Appeal from an order of the United States District Court for the Eastern District of New York, Jacob Mishler, Judge, granting defendants' motion for summary judgment and dismissing the complaint on the grounds that Nassau County Local Law 2-1982, which reapportioned the Nassau County Board of Supervisors' weighted voting system, is constitutional. Judgment affirmed.
Before: OAKES and MESKILL, Circuit Judges, and NEAHER, District Judge.*fn*
Plaintiffs, the League of Women Voters ("League") and five members, appeal from a judgment of the United States District Court for the Eastern District of New York, Jacob Mishler, Judge. Plaintiffs had sued the Nassau County Board of Supervisors ("Board") and its six member supervisors, charging that Nassau County Local Law 2-1982, which reapportioned the Board's weighted voting system after the 1980 census, violated the equal protection clause of the fourteenth amendment to the United States Constitution. After rejecting that constitutional challenge, Judge Mishler granted defendants' motion for summary judgment and dismissed the complaint.
While agreeing with that disposition, we find that it was unnecessary to reach plaintiffs' equal protection argument because, aside from one meritless issue, this case is controlled by the Supreme Court's earlier decision in Franklin v. Krause, 344 N.Y.S.2d 885 (1973), appeal dismissed, 415 U.S. 904 (1974). Accordingly, we affirm but on the basis of that prior Supreme Court summary adjudication.
New York State's Nassau County is governed by the Board, whose six members are the chief executives of the cities of Glen Cove and Long Beach, and the Towns of Hempstead, Oyster Bay and North Hempstead.*fn1 Since 1917, the Board has used a weighted voting system,*fn2 which has been the subject of other litigation.
In Franklin v. Mandeville, 308 N.Y.S.2d 375 (1970), a case early in reapportionment jurisprudence, the Board's weighted voting plan was also attacked as unconstitutional. Then, as now, despite having a majority of Nassau County's population, the Town of Hempstead was assigned less than a majority of the weighted vote. The New York Court of Appeals held that that allotment violated equal protection.
"[T]he Town of Hempstead's population constituted 57.12% of the county's population but that town's representatives may cast but 49.6% of the board's vote. Important as is . . . the present inequality, it is of even greater moment that inequality in some degree is mandated and, indeed, perpetuated by the charter provision: "nor shall the supervisor or supervisors of any town or city be entitled to cast more than fifty per centum of the total vote of said board." (L. 1936, ch. 879, § 104, subd. 2.) This provision . . . clearly violates the one man, one vote principle. . . . Not only are the Hempstead Supervisors presently barred from . . . a majority vote, but section 104 would continue to deprive them, or the residents of any other town or city subsequently containing a majority of the county population, from majority representation, . . ." Notwithstanding that illegality, the New York Court of Appeals permitted the weighted voting system to continue until after the 1970 census, so that the new reapportionment plan would be accurately based. A computer analysis was performed, but yet another weighted voting system was proposed.That proposal was contained in Nassau County Local Law 13-1972 ("Local Law 13-1972") to amend Nassau Government Law § 104 ("§ 104").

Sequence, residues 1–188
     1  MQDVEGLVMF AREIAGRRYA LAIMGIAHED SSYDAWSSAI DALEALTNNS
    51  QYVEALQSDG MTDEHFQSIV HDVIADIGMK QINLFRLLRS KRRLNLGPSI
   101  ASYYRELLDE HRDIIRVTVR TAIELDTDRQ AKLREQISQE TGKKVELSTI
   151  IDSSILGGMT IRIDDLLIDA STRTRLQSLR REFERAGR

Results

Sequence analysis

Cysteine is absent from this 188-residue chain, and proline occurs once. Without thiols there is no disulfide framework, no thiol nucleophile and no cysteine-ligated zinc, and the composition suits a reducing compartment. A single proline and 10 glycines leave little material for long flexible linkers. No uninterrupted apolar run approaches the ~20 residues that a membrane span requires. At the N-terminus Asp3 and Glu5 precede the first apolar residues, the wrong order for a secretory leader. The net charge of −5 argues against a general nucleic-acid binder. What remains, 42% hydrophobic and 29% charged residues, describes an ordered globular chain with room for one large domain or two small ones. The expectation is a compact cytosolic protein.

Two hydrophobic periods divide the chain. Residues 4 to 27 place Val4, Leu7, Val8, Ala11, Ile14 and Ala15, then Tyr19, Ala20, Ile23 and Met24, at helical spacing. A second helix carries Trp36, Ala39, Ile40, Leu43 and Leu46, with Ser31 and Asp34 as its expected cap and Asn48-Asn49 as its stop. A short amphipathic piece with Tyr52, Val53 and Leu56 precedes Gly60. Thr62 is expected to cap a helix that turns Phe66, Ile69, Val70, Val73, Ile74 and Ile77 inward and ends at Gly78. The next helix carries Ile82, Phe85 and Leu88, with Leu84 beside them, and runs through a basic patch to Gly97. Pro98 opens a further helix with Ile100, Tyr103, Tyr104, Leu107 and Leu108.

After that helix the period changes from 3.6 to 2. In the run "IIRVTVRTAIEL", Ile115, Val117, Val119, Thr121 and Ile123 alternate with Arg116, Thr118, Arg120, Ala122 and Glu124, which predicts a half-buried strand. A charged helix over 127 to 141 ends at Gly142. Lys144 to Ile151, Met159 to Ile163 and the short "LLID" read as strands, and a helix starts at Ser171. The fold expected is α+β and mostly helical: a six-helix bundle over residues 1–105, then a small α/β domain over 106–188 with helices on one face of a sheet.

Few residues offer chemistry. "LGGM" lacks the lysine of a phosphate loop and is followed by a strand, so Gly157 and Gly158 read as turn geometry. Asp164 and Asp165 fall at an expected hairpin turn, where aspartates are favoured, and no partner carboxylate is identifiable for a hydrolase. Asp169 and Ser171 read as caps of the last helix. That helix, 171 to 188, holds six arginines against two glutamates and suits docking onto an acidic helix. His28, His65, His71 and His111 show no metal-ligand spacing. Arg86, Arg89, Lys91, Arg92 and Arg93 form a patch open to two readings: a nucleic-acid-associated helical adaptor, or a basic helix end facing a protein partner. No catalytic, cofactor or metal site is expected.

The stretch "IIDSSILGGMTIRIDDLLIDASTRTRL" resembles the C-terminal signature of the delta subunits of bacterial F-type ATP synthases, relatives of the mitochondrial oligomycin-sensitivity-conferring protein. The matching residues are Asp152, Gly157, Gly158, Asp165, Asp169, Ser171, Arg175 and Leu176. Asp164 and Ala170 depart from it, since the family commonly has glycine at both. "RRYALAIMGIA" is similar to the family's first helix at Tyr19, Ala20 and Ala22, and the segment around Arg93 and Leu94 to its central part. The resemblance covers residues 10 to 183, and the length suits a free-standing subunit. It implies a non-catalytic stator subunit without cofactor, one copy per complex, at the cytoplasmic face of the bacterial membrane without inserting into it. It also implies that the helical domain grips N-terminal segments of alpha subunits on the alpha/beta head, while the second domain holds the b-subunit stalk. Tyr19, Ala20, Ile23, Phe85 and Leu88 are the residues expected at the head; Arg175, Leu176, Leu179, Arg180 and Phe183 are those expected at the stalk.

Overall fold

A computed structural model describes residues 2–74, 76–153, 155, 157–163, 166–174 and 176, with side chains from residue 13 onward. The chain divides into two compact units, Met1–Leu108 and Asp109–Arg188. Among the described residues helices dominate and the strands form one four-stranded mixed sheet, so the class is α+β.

Outlining the provisions of Local Law 13-1972, one court during the period stated:
"The new plan . . . is embodied in Local Law No. 13-1972. It continues a structure of town and city Supervisors sitting as Board members, the mandatory decennial reallocation of votes and use of a weighted voting system. . . .
"In fixing the standards for allocating votes, the new law provides that the "voting power" of a Supervisor shall be measured "by the mathematical possibility of his casting a decisive vote on a particular matter." It then equates a town's or city's "voting power" with that of its Supervisor, or, in the case of Hempstead, with the total voting power of its two Supervisors.
"Furthermore, the percentages of voting power "shall approximate" the corresponding percentages of population and it further guarantees that no town or city shall be wholly without voting power.
"Finally, . . . the new plan requires that in preparing each reapportionment . . . [the] Board shall employ "an independent computerized mathematical analysis' and any other methods which shall "most nearly analyze" the percentages of voting power and population.
"Paragraph 5 of the new law turns from general standards to specific allocation of votes based upon the 1970 census data."
Franklin v. Krause, 338 N.Y.S.2d 561, 563 (N.Y. Sup. Ct. 1972), rev'd, 344 N.Y.S.2d 885 (1973), appeal dismissed, 415 U.S. 904 (1974).*fn3
The referred-to paragraph five provided:
"Based on the nineteen hundred seventy federal census the number of votes in each of the following categories is . . . fixed as follows:
"a. For matters requiring a majority of the voting strength of the board of supervisors or a majority of the total voting power of the board of supervisors:
"(1) Total number of votes 130